Short highway run within the district to clear cobwebs from my mind. Seen here with the other BS3 Himalayan, both 4 years old.
The Himalayan has evolved over the years, but stayed true to its core purpose of being an everyday, everything, anywhere use machine.

However, aside from this small outing, for most of the Lockdown, I consoled myself browsing through some of my favourite reads on the shelf.

Here’s a glance at my budding motorcycle reads collection. Would strongly recommend all three, if you haven’t had a chance to get your paws on them yet.

Looking through them brought back nice memories of my own rides and good times with the bikes I’ve owned and ridden.

Here’s hoping that the world overcomes this crisis soon, and we find ourselves back on our machines, rolling happily into the new millennium.

Himalayan update- 23000kms and counting…

A few weeks ago, I finally managed to lay hands on the last item required for build ideas I had for the Himalayan. 23500 kms and 3 years, 8 months in the making, I’m very happy with the way it has turned out. Almost everything added to the bike is a genuine Royal Enfield accessory. No cheap aftermarket bits and bobs here.

Himalayan, circa 2020
Himalayan, circa 2020
Retro-tourer, circa 2020.

In my last post Essential Upgrades, I had talked about replacing the worn out stock seat with a Touring Seat. The Touring Seat took me more than 6 months to locate and buy. For some weird reason, Royal Enfield does not have online sales for bike accessories. And this one is a best seller that almost every dealership runs quickly out of.

For more than a year, I ran the bike without any kind of wind protection. I was glad to get rid of the fiddly stock visor which had a serious buffeting issue at high speeds. However, I still felt the need for a smaller cowl or fly screen to complete the look of the bike.

Made a quick sketch to see how a flyscreen would look.

A quick sketch on my iPad convinced me that a flyscreen might just do it. Got myself an Interceptor 650 flyscreen the next day. Had to convince my mates at Highlander, my friendly neighbourhood Moto workshop, to file and shape the mounting bracket. But other than that, it was an easy fit.

Short Flyscreen from the Interceptor 650. A high intensity LED bulb from NightEye replaces the stock bulb in the headlight.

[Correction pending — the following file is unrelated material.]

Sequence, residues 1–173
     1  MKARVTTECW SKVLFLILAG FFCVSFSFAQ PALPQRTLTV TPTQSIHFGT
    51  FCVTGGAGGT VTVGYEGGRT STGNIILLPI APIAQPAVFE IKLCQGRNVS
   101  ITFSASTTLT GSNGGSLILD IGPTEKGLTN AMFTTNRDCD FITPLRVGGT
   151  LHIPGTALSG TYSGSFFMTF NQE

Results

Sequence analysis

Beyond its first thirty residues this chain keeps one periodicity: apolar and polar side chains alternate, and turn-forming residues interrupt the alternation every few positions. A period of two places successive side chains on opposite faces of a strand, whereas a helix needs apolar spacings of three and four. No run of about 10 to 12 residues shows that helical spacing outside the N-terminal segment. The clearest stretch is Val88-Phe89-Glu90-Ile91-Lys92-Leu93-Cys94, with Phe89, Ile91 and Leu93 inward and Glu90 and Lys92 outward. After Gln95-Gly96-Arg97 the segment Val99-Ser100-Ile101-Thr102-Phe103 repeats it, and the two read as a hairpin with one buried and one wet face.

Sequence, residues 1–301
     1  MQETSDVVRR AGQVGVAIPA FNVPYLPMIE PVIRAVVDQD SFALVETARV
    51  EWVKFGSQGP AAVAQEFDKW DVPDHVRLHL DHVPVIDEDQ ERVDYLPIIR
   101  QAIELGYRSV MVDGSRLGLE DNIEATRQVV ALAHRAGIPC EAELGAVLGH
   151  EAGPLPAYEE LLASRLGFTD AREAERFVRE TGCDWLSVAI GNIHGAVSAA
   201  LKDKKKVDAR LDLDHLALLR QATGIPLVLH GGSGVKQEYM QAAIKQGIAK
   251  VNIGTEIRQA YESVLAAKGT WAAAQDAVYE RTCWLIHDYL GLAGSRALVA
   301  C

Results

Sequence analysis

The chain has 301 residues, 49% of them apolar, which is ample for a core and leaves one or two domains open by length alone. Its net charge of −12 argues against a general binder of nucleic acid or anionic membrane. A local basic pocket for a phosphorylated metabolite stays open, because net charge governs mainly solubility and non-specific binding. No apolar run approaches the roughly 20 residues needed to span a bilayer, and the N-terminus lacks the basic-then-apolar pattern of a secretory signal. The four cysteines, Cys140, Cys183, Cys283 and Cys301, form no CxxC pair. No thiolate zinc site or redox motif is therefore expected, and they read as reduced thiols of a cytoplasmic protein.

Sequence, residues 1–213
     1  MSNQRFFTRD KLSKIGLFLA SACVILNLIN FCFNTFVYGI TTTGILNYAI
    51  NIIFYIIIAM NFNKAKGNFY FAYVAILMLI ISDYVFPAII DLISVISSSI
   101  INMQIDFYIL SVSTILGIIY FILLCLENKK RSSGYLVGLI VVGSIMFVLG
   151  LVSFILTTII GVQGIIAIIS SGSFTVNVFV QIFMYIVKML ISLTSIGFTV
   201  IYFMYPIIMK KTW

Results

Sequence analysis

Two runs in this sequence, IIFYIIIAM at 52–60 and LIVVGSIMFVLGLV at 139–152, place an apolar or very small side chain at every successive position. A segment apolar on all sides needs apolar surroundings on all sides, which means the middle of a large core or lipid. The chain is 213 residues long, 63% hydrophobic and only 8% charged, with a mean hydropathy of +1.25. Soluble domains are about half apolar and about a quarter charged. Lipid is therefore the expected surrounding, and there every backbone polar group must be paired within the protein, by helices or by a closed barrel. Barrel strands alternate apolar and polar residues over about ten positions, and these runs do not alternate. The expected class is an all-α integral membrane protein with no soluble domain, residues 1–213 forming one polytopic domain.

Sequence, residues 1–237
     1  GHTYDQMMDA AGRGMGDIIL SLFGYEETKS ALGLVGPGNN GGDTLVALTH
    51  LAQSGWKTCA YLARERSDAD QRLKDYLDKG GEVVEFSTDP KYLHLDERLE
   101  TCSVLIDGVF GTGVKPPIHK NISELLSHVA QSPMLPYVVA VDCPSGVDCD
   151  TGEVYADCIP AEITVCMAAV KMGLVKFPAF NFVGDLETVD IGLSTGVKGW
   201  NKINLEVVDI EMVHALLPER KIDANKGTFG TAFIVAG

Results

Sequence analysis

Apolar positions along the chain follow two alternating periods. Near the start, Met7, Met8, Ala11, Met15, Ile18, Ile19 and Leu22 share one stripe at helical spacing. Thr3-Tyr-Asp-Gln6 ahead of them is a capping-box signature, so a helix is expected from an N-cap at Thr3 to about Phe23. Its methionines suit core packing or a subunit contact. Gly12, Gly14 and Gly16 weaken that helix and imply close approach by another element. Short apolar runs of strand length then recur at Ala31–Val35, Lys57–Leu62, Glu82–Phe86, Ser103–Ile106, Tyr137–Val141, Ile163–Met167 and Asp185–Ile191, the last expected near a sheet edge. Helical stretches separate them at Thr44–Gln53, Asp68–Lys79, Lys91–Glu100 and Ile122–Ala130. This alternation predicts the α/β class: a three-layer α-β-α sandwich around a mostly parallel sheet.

Here’s a summary of additions to the bike at 20000kms.

  • Upgraded the handle-bar to the Braced Handlebar Kit (Part no. 1990206). The handlebar weighs 20% less than the stock bar, is beautifully finished, and Made in Taiwan. From Royal Enfield Brand Showroom, BTM Layout, Bangalore.
  • Installed Bar-End Finisher Kits (Part No.1990220) for the same handlebar. From Royal Enfield Brand Showroom, BTM Layout, Bangalore.
  • BMC Lifetime Filter for the Himalayan- Sourced from Big Bear Customs, St. Marks Road, Bangalore.
  • Brake Reservoir protector from the Continental GT (535). (Available at most Service Centres)
  • Metzeler Tourance Next tyres- 90/90-21 to the front, 150/70- 17 to the rear. (Orion Motors, Koramangala)
  • Short Flyscreen from the Royal Enfield Interceptor 650, (Royal Enfield Brand Showroom, BTM Layout)
  • Royal Enfield Aluminium Panniers with mounts (Royal Enfield Brand Showroom, BTM Layout)
  • Royal Enfield Touring Seat for the Himalayan (Royal Enfield Brand Showroom, BTM Layout)
  • NightEye headlight replacement bulb (Sourced online)

To know about other bits of DIY which shaped the bike, and my overall ownership experience, you can catch up here. If you are a Himalayan owner and have done some fiddling yourself, do drop me a line. 😊

The bike setup feels perfect for lazy ganders through backroads like this. 😊

Lead me not into temptation…

The Royal Enfield Twins are here at a killer price. They have everything going for them- looks, good manners and grace. I’m sorely tempted! Makes me look at the Himalayan in a new light…will it stay or will it go? Now how do I lay me hands on some extra bit of cash, so I can have the best of both worlds? 🙄

Interceptor. Pic courtesy: Royal Enfield

This is how we used to roll…

On Nice Road, did a dry run with the bikes ahead of our ride to Coorg. Testing the Go Pro Hero 3. Circa2013. Soundtrack: Asleep at the Wheel/ The Cinematics

Reduce to evolve

In spite of a ‘swearing in’ ceremony, where I resolved to keep the Himalayan as stock as possible, I’ve let customisation instincts get better of me. So like the C5, I’ve gone ahead and pushed the Himalayan down the weight reduction path. Allow me to explain. 😊

Stripped Moto. Sans everything. Well, almost everything. 🙂